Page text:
Electric cars. Are they really the future, or are they just an expensive toy, only really any good for short range commutes?
Will there ever be an electric car that the discerning customers of Kahn Design would be interested in owning? Allow Kahn Design's Carl Pickles to investigate.
First, a little history:
Until 1900, believe it or not, an electric vehicle owned the world land speed record. Something like 40% of American cars were steam powered, 38% were electrical and only 22% were petrol powered. Unfortunately, high cost, short range and difficulty of recharging meant that vehicles powered by the internal combustion engine took over.
There was a brief surge in electric car ownership and interest in 1912, following the electrification of many homes, but their marketing as “women’s cars” damaged sales.
Developments such as the electric starter motor, improved long-range road networks and discovery of oil reserves in many parts of the world drove down the price of petrol-powered cars to a level that the electric cars of the time couldn’t compete with.
By the 1950’s just about the only electric vehicle most people would see on the road would be the humble (and ridiculously slow) milk float.
Fast-forwarding to the 1990’s, General Motors launched the EV1. It was available on a limited lease in California and Arizona as a “real-world engineering evaluation”. The cars couldn’t be purchased, and could only be serviced at Saturn dealerships. Despite these limitations, the customer response was very positive. GM, in their wisdom, decided that the EV1 inhabited an “unprofitable niche of the automobile market”, and the cars were all withdrawn and either crushed or given to museums.
This decision came alongside slackening of the ZEV stipulations, which allowed companies to produce super-low-emissions vehicles, natural gas vehicles, and hybrid cars in place of pure electrics. This was the death-knell for the EV1, and it was discontinued in 2002, despite protests from environmental groups and, more importantly, the people who were using the vehicles. Did GM self-sabotage the EV1 when they realised it could lead to a loss in profits on parts sales? The conspiracy theorists certainly seem to think so. According to the film, Who Killed The Electric Car, Ovonics (GM’s battery supplier) had been suppressed from announcing improved batteries with increased ranges, lest the California Air Resources Board got wind that the batteries were improving. Ovonics were then bought by Chevron, ostensibly to prevent NiMH batteries being used in purely electric cars.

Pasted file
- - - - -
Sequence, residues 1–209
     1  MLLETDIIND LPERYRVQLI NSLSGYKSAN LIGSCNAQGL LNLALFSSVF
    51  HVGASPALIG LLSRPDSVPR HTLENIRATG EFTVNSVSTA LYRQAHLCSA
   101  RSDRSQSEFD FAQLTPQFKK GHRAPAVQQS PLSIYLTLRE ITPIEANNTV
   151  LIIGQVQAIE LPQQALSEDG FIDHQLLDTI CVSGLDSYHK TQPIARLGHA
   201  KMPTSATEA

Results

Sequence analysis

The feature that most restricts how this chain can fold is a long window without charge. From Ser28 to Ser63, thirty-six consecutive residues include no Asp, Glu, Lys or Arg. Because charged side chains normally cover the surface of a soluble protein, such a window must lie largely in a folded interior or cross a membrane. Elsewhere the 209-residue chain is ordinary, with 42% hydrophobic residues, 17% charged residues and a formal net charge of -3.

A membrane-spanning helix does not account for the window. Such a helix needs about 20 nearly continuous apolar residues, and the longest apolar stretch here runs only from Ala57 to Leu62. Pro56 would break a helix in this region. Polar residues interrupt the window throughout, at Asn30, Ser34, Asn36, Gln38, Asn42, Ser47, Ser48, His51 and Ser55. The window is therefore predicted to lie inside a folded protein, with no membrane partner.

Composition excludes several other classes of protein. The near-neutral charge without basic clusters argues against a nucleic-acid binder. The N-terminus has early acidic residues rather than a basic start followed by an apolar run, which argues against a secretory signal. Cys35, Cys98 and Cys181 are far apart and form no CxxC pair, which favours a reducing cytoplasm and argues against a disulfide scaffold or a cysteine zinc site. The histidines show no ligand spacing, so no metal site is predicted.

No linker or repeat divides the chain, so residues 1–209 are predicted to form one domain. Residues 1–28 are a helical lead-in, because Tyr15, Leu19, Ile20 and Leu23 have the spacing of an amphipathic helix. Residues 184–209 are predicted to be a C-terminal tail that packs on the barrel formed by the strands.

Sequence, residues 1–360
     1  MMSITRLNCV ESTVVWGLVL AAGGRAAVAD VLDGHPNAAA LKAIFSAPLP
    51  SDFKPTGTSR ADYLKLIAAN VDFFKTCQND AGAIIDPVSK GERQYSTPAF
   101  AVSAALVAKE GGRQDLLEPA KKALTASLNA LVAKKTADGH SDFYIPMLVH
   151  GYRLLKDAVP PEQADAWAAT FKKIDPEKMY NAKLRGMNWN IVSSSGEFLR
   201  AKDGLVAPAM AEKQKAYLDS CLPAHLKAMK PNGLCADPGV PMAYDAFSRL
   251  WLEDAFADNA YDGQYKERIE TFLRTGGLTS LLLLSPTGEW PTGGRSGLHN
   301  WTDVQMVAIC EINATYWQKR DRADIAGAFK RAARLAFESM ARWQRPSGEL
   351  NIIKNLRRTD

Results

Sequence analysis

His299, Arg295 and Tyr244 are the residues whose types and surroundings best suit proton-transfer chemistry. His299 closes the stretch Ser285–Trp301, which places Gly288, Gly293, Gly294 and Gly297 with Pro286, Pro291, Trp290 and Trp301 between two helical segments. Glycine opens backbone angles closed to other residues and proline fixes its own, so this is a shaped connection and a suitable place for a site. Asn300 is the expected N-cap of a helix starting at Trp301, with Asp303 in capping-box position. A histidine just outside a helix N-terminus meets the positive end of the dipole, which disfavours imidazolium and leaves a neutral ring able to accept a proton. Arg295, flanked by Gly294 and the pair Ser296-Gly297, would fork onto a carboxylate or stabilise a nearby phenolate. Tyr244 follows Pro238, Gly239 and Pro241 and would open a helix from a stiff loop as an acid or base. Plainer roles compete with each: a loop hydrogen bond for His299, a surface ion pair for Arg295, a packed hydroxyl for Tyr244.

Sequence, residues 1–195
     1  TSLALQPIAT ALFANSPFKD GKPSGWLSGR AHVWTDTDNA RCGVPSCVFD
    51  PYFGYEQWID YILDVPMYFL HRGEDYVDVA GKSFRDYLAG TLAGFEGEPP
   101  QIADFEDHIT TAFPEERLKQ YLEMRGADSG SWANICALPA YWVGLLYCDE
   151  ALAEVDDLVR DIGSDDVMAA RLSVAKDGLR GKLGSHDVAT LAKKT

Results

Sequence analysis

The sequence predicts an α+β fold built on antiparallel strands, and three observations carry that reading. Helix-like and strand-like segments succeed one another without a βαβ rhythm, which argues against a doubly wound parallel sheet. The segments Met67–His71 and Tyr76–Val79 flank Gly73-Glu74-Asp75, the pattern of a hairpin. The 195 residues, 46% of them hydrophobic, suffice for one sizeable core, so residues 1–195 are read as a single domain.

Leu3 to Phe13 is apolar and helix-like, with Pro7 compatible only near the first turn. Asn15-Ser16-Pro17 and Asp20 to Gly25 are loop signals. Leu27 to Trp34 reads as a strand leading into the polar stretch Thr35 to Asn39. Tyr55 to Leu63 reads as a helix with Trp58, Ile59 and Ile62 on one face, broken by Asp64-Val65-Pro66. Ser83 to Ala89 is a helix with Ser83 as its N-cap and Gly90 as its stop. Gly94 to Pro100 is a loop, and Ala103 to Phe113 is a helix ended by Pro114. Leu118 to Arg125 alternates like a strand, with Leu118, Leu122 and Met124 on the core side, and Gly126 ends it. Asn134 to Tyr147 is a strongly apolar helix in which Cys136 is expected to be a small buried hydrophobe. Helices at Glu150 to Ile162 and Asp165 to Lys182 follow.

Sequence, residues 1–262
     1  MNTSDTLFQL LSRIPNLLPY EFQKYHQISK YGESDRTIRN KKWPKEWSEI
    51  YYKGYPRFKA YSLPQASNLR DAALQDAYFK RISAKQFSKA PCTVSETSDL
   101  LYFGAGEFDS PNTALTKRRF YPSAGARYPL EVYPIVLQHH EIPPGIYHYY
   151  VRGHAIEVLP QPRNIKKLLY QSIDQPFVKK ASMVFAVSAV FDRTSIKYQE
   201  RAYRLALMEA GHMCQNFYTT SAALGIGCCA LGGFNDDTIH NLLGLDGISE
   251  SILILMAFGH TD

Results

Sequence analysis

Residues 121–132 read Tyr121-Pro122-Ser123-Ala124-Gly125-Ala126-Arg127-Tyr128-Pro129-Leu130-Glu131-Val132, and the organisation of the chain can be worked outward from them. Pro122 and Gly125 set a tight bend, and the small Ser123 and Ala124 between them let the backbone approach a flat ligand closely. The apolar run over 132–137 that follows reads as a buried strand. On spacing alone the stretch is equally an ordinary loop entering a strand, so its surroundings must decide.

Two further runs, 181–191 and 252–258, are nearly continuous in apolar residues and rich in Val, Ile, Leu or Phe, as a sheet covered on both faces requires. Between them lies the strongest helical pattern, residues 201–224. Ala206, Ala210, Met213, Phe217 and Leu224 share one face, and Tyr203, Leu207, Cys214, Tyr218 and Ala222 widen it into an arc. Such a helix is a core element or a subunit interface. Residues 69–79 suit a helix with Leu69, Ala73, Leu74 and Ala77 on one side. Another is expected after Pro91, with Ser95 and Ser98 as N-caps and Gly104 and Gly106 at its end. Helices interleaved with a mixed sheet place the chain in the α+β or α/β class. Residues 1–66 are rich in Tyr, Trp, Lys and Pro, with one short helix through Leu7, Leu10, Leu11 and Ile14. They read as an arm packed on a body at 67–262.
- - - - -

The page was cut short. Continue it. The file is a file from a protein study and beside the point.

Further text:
Interestingly, in March 2009, the outgoing CEO of GM, Rick Wagoner, said the biggest mistake he ever made as chief executive was killing the EV1 and failing to direct more resources to electrics and hybrids after taking an early lead in the field. GM has since championed its electric car expertise as a key factor in development of its 2010 Chevrolet Volt, the first electric car that uses a gas generator to generate electricity when the battery is depleted, furthering the range by at least 270 miles.
The global recession in the late-2000’s saw car companies begin to look at alternatives to “gas-guzzlers” in order to sell more cars. California’s Tesla Motors began development of it’s Roadster, with the first models being delivered in 2008. Mitsubishi launched the i-MiEV to their domestic fleet customers in 2009, with Citroen and Peugeot rebadging them for European customers.
In an August 2009 edition of The New Yorker, William Lutz, vice-chairman of GM was quoted as saying, "All the geniuses here at General Motors kept saying lithium-ion technology is 10 years away, and Toyota agreed with us – and boom, along comes Tesla. So I said, 'How come some tiny little California startup, run by guys who know nothing about the car business, can do this, and we can't?' That was the crowbar that helped break up the log jam."
In 2010, Nissan launched the Nissan LEAF which just last month (March 2013) was announced as being manufactured in Sunderland, and last year, Tesla launched the Model S.
So then, it would seem that the electric car is in the throes of a comeback. Charging points are springing up anywhere and everywhere, along with improvements in battery technology leading to longer ranges, higher efficiency and more speed. Has the technology finally come of age? Will any of the companies involved build a car that Kahn Design customers are going to be interested in? Based on the evidence at the moment, Tesla does seem to be the frontrunner in this regard with the Model S. It’s 0-60 time of 4.4 seconds, 310 mile range and not-too-bad looks (which would really benefit from a Kahn makeover) does make the Californian company’s output start to look attractive and promising for the future.
As the old saying goes, “Watch this space”.